The 21st Century – No Place For A Young Fogey

As a 27 year-old, I’m either old or young, depending on a. how old you are and b. what my life expectancy might be. I consider 27 more or less the border between old and young; not quite close enough to the dreaded ‘3-0’ for heart palpitations and an aching sense of regret to set in, but certainly not close enough to 20 to feel like the life in front of me is a blank page upon which I’m free to write whatever story I choose.

However, with the world changing more rapidly these days (what with the internet and reality TV and newfangled mp3s, eh? eh? eh?) than I seem to have the capacity to keep up with, I feel increasingly like one of the young fogeys that Chris Evans and Gabby Roslin used to wheel out on The Big Breakfast – for those too young to know, that’s a 20th Century thing.  Even my reference for illustrating my young-fogeyness is past its sell-by-date.

I sometimes divide my lifespan so far into two eras: the pre-Jurassic Park period (BJP) and the post (AJP). Whenever I see people born in the AJP years, speaking as sentient beings about grownup things like applying for university, or the state of the economy, or going to pubs, or anything more advanced than an infant gurgle, I find myself invariably angry with them. How dare they exit the womb after June 1993? You mean to say I was having the most exhilarating cinematic experience of my life at the Odeon in David Place, FOUR times, and you hadn’t even grown hands yet? Pathetic. This is a typical internal rant that happens with me daily, and presumably as these young adults grow to become the people that are running things, it’ll only get worse.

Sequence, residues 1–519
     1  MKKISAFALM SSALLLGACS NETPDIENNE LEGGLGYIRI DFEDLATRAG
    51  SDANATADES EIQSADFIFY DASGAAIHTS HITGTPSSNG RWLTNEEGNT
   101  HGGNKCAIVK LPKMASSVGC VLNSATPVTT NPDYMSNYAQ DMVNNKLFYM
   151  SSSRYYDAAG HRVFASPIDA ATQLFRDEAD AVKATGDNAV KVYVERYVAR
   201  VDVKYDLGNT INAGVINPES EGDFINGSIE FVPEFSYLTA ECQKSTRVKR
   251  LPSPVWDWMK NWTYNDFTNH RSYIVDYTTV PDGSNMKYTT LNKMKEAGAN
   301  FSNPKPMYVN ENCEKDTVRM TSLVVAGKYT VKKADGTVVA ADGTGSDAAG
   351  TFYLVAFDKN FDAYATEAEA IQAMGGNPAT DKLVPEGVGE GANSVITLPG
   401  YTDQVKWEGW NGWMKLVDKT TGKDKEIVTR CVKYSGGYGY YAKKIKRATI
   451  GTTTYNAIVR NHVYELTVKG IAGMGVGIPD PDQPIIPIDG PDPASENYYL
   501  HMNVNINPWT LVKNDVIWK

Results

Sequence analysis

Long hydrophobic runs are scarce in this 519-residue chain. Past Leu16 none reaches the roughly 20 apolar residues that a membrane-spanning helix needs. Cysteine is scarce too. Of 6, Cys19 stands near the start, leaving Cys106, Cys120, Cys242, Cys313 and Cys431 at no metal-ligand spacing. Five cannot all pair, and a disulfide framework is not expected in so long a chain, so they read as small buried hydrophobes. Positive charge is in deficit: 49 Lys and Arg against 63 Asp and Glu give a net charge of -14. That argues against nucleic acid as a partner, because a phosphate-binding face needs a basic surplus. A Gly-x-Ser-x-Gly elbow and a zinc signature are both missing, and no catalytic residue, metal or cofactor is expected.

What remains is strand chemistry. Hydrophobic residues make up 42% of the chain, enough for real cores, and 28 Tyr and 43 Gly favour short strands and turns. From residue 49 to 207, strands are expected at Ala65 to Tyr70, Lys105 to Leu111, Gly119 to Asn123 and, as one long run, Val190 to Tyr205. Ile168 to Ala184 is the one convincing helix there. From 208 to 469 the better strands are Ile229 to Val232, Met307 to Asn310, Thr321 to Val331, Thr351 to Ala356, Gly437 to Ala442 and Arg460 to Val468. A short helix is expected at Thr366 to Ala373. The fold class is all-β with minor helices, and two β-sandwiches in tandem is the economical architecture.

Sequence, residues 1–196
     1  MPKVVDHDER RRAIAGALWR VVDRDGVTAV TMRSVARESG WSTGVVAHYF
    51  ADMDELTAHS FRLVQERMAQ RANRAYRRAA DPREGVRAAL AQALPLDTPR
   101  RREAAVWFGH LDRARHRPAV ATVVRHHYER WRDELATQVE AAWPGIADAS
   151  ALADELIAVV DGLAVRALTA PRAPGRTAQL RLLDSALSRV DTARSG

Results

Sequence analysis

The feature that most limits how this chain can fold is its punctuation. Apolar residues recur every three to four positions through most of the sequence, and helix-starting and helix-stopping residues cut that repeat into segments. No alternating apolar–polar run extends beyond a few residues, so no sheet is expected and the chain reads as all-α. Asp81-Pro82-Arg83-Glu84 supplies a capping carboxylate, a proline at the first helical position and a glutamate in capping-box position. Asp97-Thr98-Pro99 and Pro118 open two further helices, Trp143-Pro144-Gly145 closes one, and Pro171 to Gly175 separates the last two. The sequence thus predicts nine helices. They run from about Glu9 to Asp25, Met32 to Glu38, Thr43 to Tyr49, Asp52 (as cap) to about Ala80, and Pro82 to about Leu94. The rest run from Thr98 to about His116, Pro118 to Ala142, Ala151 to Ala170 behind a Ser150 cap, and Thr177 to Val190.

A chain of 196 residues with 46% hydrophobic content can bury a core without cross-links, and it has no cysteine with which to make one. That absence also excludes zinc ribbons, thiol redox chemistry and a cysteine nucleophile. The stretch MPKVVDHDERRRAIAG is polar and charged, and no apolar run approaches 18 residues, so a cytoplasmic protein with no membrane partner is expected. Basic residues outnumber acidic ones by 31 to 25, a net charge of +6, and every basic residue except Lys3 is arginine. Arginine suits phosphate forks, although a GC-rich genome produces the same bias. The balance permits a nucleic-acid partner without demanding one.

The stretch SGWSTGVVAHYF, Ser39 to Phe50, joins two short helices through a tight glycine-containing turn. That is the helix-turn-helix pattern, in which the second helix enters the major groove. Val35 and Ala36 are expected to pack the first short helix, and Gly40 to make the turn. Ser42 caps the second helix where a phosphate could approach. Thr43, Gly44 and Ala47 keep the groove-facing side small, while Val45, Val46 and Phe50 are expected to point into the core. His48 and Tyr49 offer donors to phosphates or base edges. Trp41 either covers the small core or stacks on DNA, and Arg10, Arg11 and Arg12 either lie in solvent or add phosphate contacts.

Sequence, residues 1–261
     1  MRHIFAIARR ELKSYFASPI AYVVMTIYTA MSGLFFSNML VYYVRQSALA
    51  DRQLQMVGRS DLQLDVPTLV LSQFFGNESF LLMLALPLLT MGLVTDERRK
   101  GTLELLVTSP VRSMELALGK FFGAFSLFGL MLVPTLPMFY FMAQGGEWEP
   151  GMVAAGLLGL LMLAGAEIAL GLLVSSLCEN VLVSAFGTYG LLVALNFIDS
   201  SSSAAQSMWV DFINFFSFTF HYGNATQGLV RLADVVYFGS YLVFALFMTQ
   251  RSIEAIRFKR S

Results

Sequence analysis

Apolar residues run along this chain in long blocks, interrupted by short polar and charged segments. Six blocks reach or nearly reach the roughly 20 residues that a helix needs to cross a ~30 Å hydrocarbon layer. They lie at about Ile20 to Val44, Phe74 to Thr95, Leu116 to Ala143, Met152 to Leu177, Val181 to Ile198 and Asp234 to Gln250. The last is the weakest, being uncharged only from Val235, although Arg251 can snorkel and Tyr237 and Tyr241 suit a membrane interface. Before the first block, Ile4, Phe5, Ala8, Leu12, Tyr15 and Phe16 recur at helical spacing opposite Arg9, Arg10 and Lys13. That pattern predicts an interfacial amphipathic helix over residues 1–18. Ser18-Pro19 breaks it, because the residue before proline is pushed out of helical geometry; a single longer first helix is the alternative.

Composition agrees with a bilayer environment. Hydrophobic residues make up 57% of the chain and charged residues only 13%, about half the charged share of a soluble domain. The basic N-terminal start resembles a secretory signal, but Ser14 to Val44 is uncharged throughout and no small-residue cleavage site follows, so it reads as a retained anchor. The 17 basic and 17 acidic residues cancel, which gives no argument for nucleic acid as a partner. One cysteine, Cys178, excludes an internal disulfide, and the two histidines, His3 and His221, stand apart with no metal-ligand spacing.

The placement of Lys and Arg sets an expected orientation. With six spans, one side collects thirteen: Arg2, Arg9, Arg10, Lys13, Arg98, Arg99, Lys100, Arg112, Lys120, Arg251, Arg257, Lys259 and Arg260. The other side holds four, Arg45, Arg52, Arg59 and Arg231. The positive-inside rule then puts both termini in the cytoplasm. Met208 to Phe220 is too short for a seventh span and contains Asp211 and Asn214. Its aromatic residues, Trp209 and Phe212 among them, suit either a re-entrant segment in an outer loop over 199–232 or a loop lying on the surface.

I remember the good old days of the 1990s, when footballers were allowed to get drunk on planes and generally tit around in public constantly, like Paul Gascoigne, or Paul Merson, or Robbie Fowler. And when Nicolas Cage used to make decent films instead of straight-to-DVD wiffle, and his face wasn’t so horsey and his hairline wasn’t completely bonkers. And when if you had the tune to a song stuck in your head but didn’t know the artist or track title, you had to wait until you next heard it on the radio, and you couldn’t just whistle it into a phone and instantly buy it.  And when the closest thing we had to X Factor was Stars in Your Eyes, in which the extent of the winners’ post-victory adventure would be a decently-paid tour of every Butlins in England and, if they were lucky, getting to turn on the Christmas lights in their hometown.

In Armando Ianucci’s Time Trumpet, some of the funniest scenes involve elderly talking heads, set in the future, reminiscing about the old days, ‘when we only had Super Nintendos’ and ‘we didn’t have broadband yet, just dial-up’. It’s hilarious partly because it draws our attention to the speed of progress in the world that we live in and sends up the speed with which we adjust and take it for granted, and the swiftness with which the more senior of society’s citizens get left behind. Yet increasingly, this really is the world I live in. I’m living my own personal Time Trumpet.